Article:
The police procedural has long been the home of some of the most dysfunctional cops in the land. They seem to gravitate toward whichever force our crime writers choose to write about. You have to wonder sometimes how they manage to survive and indeed some of the more notable have been demoted as a result of the way in which they have bent the rules, if not the law itself, in pursuit of the nation’s baddies. But, of course, they always do eventually catch the baddies, which is why, ultimately, they are forgiven their peccadilloes and allowed to continue in service. They may be bad police officers but they are outstanding cops.
Harry Bingham offers us one of the more recent examples of the breed in the person of DC Fiona Griffiths, whom we first met in Talking to the Dead investigating the death of a young woman and her daughter. Thought, initially, to be only related to drugs and prostitution, the murders ultimately prove to be the tip of a much more far reaching web of intrigue that threatens to undermine many of Cardiff’s less savoury members of society.
Fiona Griffiths is certainly not one for doing things by the book, but in her case there is good reason for her episodes ‘off piste’. Her own back story is one of trauma and serious ill health and maintaining any sort of equilibrium is difficult for her. Indeed, as is so often the case in current crime fiction, following the development of the main character can be as fulfilling as unravelling the intricacies of the investigation and I, at least, welcomed the steps that she takes towards moving to a more stable relationship with the world, her colleagues and, most importantly, herself.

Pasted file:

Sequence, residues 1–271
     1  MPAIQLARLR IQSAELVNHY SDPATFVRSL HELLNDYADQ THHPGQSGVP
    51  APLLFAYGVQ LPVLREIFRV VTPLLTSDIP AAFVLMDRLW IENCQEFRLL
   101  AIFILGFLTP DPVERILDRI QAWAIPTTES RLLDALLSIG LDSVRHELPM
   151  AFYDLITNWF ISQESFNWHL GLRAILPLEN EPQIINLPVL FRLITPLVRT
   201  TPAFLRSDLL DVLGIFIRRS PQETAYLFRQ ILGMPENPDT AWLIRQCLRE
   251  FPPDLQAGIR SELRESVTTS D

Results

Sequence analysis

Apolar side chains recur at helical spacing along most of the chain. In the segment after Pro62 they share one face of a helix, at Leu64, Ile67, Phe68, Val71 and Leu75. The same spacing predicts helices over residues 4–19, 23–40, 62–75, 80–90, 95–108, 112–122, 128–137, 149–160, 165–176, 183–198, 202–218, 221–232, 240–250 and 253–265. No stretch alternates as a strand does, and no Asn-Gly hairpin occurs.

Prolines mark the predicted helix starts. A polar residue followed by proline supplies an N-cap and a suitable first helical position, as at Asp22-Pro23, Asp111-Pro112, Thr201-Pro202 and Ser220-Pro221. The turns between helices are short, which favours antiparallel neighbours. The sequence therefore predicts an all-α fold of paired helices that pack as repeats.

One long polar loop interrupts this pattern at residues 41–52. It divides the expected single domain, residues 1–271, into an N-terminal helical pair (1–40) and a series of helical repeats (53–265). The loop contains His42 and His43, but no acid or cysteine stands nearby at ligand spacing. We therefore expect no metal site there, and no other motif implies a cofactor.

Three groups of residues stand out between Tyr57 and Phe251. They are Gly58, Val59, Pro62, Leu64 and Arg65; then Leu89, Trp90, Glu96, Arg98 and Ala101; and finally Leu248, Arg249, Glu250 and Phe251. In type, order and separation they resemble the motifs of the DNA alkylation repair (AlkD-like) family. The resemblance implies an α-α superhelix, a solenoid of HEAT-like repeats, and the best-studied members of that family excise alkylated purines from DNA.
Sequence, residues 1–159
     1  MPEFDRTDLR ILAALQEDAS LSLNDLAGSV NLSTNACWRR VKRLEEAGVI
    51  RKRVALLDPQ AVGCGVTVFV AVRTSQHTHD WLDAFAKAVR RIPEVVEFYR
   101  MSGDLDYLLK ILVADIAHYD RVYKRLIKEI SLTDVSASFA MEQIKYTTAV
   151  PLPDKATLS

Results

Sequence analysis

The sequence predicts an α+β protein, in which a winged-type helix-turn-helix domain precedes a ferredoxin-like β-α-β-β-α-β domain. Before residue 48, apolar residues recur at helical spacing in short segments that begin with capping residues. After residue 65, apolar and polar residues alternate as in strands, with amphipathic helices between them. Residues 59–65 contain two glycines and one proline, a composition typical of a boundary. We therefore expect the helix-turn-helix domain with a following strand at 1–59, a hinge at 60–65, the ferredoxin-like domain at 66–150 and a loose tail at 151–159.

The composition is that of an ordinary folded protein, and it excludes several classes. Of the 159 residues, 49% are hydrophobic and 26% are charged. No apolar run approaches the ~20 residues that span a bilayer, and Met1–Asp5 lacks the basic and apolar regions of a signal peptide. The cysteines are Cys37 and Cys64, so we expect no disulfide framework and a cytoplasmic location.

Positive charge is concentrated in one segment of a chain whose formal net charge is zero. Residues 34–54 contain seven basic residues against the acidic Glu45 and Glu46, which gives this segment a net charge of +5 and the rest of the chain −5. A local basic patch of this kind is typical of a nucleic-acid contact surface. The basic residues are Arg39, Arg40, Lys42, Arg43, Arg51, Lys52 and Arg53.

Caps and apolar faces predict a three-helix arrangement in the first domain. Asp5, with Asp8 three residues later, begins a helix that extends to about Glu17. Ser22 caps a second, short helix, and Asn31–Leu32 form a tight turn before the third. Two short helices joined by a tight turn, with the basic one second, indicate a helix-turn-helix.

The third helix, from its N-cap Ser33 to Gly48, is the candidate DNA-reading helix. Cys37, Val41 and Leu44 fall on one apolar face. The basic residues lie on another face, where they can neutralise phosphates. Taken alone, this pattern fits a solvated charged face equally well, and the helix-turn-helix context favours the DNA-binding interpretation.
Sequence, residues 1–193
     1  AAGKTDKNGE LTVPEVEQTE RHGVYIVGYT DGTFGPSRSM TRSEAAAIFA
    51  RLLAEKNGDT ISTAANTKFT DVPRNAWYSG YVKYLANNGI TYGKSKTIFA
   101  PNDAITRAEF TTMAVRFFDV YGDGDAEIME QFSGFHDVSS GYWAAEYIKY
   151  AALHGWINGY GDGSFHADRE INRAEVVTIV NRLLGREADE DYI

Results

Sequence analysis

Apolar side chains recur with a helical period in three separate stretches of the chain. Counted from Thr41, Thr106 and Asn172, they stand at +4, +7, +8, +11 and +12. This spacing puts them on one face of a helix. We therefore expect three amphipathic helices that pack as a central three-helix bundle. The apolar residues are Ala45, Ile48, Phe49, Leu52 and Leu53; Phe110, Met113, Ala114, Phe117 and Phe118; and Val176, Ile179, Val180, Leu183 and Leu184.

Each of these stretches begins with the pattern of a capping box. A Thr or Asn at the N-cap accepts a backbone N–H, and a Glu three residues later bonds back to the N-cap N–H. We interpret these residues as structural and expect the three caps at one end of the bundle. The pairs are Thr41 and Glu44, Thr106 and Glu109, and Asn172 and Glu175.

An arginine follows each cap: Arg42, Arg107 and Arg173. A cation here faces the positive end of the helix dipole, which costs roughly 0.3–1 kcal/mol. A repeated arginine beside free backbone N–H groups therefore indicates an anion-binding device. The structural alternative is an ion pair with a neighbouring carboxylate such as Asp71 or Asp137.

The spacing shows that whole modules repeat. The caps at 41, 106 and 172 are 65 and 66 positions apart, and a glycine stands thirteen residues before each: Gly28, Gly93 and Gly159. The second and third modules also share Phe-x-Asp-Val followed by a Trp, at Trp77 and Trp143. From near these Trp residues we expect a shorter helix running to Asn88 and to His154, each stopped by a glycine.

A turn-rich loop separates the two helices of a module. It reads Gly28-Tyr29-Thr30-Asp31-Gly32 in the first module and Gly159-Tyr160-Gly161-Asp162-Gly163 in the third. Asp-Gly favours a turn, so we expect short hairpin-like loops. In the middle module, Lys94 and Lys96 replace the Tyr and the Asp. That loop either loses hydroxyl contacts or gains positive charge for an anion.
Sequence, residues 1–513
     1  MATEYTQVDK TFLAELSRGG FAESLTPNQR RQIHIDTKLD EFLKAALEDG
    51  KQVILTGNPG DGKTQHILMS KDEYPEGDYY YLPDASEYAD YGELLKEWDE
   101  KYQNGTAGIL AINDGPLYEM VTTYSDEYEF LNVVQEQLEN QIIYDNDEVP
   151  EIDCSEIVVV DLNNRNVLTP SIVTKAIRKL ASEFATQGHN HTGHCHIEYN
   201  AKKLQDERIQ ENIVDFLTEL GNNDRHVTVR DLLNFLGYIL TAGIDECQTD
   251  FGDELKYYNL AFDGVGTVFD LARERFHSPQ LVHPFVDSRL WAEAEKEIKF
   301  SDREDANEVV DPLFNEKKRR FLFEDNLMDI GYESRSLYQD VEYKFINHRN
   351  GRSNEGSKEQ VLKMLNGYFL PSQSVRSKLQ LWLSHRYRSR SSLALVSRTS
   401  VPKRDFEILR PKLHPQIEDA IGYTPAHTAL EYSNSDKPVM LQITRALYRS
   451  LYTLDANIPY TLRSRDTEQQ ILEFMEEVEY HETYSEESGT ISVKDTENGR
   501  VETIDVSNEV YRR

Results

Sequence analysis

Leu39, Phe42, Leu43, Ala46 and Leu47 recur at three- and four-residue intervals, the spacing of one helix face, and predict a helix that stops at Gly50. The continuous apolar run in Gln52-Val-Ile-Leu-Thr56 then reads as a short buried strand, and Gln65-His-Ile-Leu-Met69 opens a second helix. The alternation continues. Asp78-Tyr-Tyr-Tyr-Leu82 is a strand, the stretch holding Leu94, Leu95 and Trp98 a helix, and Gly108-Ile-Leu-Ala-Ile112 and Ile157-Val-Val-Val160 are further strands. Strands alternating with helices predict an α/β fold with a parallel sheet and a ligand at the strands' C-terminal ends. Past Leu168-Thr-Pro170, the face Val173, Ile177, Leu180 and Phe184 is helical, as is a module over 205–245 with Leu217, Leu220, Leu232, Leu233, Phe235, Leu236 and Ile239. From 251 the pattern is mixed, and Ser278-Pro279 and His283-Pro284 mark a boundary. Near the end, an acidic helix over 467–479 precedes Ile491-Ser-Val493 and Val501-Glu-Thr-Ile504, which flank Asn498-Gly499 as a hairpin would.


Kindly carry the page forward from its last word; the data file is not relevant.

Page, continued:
However, Fiona’s personal growth doesn’t detract for a moment from the investigation she finds herself caught up in as South Wales is plunged into the worst winter in living memory. Two bodies are discovered within days of each other and in close proximity. They are further bound together by the fact that they have been disposed of in a very similar manner – dissected and then their various parts distributed around the neighbourhood. What mitigates against their being connected in any way is the fact that one of them has been dead for at least five years, while the other died within the previous week. Furthermore, the more recent victim has been scattered around a local beauty spot while the older body has been concealed in a number of different outhouses and garages. The first necessity is for the police to discover who these two people are and whether or not there is indeed any link between them.
In attempting to unravel this mystery, Fiona is forced to examine her own family’s past. Her adoptive father, who swears he is now going straight, has been a central figure in the Cardiff underworld and still runs certain establishments that Fiona knows it is better that she keeps well clear of. But, it seems that if there is a link between the victims then it may well lie in one of those less than savoury nightclubs. However, she also can’t afford to ignore where the second victim worked and the possibility that what looks like a perfectly ordinary engineering company may in fact be involved in distinctly less than legitimate dealings with the arms trade. As the story develops the plot takes a decidedly political turn and it isn’t that much of a surprise to read in the end papers that it is based on events that actually took place. Unfortunately, the type of underhand dealings that are revealed at the book draws to its close have all too authentic a ring to them.
Bingham starts a lot of hares in this novel and it is to his credit that he never leaves the reader in any way struggling to keep up. Furthermore, he is very good at characterisation. Despite the fact that this is only the second in the series, the main players are already clearly defined in my mind and I am convinced both by them as individuals and by the trajectory their relationships are taking. While I wouldn’t class this as literary fiction in the way I might with something by William Brodrick, for example, I do think that Bingham is amongst the best in his field and I look forward to the next in this series, which I believe is due later this year.
With thanks to Random House Publishing Group – Bantam Dell, who made this available for review.